IBM is ready to unleash a line of high-speed Ethernet switches that will boast quality-of-service (QoS) capabilities typically found only in ATM gear.
Big Blue is also adding directory-based policy management technology to its router and switch lines, making it easier for companies to prioritise access to net resources.
The moves are designed to make IBM a more significant player in the Ethernet market. Until now, IBM has focused largely on token ring and ATM switching technologies.
"We expect to grow our Ethernet business at three times the industry rate this year," said Rob Zimmer, director of strategy for IBM's networking hardware division at the recent ComNet/DC '99 conference in Washington, DC. "We feel that only Lucent has anywhere near the cap-ability to offer end-to-end products and policy control that we will have."
IBM executives said over the next 10 months the company will unleash a family of Ethernet and Gigabit Ethernet campus and backbone switches built with the firm's Prizma ATM chip and other IBM Application Specific Integrated Circuit (ASIC) technology. The moves will let users build big high-speed Ethernet backbones with ATM QoS capabilities.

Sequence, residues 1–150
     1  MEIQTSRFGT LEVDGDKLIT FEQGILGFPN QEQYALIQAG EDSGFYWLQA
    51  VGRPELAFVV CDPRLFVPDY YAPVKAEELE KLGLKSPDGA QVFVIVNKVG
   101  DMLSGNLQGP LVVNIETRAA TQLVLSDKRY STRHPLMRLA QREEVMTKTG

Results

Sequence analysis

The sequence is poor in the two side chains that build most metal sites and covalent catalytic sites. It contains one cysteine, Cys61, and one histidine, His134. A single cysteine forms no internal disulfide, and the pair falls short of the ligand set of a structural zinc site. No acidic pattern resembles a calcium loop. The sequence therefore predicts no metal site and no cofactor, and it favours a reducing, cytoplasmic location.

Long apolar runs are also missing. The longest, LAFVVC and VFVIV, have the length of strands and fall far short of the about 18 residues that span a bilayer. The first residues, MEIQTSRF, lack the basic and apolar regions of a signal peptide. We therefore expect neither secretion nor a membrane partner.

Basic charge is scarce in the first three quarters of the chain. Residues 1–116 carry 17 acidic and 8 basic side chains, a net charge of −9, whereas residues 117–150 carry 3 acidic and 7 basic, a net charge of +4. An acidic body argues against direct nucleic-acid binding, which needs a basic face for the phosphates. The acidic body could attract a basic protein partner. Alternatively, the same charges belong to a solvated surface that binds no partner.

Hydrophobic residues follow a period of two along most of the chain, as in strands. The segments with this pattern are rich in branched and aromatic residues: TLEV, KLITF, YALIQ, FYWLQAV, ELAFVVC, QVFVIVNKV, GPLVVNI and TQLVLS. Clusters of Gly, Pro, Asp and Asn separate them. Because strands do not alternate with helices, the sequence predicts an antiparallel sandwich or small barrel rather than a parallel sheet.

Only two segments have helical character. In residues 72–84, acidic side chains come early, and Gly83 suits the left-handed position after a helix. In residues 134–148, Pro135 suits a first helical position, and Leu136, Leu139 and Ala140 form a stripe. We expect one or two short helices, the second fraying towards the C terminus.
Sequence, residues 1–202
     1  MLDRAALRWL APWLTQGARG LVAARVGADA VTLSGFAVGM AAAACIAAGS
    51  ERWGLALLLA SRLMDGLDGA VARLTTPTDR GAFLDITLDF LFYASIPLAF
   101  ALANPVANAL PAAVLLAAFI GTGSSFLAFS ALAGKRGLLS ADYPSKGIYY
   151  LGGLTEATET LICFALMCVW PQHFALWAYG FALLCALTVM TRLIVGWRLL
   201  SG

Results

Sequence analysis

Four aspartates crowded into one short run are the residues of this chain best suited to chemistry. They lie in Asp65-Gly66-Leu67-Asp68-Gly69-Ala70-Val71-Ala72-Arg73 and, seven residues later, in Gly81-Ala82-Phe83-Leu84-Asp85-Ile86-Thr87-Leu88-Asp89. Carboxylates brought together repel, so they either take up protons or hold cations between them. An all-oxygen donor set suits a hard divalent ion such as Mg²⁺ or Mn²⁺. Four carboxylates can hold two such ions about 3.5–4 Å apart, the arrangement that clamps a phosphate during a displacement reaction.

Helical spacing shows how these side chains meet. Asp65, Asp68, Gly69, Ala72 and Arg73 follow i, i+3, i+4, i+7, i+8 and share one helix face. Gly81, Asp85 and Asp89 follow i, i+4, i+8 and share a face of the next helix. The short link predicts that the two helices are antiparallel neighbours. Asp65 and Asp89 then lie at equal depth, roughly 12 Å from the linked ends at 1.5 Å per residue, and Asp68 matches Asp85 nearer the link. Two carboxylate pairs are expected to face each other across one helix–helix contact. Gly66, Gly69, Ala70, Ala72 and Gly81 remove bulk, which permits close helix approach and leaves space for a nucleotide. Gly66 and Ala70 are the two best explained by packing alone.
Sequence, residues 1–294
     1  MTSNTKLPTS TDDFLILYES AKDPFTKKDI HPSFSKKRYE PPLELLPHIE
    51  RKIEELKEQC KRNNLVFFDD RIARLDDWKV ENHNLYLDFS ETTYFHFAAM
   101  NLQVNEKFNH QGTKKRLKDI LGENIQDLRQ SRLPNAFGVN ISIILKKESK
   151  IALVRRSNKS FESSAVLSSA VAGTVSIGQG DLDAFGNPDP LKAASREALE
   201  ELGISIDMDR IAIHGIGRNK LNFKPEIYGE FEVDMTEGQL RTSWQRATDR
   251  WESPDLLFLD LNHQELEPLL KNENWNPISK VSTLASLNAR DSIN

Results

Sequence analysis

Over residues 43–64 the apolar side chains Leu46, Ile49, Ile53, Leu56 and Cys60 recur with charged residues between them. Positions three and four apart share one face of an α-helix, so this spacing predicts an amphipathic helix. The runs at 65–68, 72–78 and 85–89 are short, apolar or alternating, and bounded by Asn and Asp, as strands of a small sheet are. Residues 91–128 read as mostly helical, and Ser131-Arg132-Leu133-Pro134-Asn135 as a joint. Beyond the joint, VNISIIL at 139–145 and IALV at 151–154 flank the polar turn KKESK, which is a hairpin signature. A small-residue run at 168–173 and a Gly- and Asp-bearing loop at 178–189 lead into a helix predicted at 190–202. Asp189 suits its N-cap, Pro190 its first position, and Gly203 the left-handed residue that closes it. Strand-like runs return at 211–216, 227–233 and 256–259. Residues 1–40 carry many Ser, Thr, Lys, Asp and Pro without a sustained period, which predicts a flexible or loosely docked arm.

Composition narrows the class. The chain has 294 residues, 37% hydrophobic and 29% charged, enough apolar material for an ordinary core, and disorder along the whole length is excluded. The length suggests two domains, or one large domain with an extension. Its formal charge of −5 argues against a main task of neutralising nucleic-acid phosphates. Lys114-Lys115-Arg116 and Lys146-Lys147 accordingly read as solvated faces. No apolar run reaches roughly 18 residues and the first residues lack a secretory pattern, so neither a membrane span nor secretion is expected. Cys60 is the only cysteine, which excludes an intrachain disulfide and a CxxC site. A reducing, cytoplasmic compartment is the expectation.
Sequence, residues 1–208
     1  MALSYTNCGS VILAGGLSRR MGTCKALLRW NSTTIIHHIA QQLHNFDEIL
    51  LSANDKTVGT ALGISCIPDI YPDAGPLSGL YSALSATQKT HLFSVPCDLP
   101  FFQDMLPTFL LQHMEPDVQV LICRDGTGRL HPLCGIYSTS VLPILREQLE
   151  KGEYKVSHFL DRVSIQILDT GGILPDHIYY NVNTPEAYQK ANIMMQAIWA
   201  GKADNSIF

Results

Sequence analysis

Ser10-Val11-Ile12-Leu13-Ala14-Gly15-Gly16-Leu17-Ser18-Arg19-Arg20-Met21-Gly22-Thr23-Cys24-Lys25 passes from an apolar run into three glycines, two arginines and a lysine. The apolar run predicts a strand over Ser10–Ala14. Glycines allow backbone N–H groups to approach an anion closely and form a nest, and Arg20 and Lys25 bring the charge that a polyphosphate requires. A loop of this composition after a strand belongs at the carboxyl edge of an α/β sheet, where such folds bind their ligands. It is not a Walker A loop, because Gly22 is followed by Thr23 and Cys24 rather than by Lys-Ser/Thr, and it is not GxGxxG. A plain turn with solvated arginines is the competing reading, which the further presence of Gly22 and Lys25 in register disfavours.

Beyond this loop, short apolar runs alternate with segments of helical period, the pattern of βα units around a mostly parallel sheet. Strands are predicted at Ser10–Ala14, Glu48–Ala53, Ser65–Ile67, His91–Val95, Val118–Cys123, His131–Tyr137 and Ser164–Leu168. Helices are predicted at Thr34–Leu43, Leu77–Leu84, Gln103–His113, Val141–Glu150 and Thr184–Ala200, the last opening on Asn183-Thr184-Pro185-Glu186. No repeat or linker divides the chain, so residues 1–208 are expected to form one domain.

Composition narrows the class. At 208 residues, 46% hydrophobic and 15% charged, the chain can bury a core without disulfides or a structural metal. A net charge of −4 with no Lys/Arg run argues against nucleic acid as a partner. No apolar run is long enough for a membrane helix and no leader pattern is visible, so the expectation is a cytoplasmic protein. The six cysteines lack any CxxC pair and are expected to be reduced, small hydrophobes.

Prizma, developed in IBM's Zurich Research Lab, is a 28Gbps ATM chip at the heart of the company's ATM switches. IBM would not say how many boxes will make up the new family.
In addition, IBM will add policy-based management features to the software running on all of its major switch products - including the 2212 router, 827X switch/router families and 8265 ATM switch.
To help enable policy-based management, IBM will add Lightweight Directory Access Protocol (LDAP) support across its line of net gear. This will let IBM switches access user profiles and implement QoS policies from any LDAP directory in an enterprise network.
With these initiatives, IBM joins Cisco, 3Com and other communications bigwigs that offer policy management for their routers and switches. To differentiate its products from those of competitors, IBM plans to use the high-throughput capacity of its Prizma chip in combination with QoS features, such as guaranteed bandwidth, best-effort delivery and priority queuing.
IBM certainly has a lot to prove in the Ethernet arena, but some analysts were cautiously optimistic about the company's chances.
The policy management initiative will let IBM sell to its installed base of token ring users migrating to Ethernet, and could also be attractive to non-IBM customers. The company believes it can make highly competitive Ethernet products but in the past the company didn't feel the need to offer an alternative to its token ring line.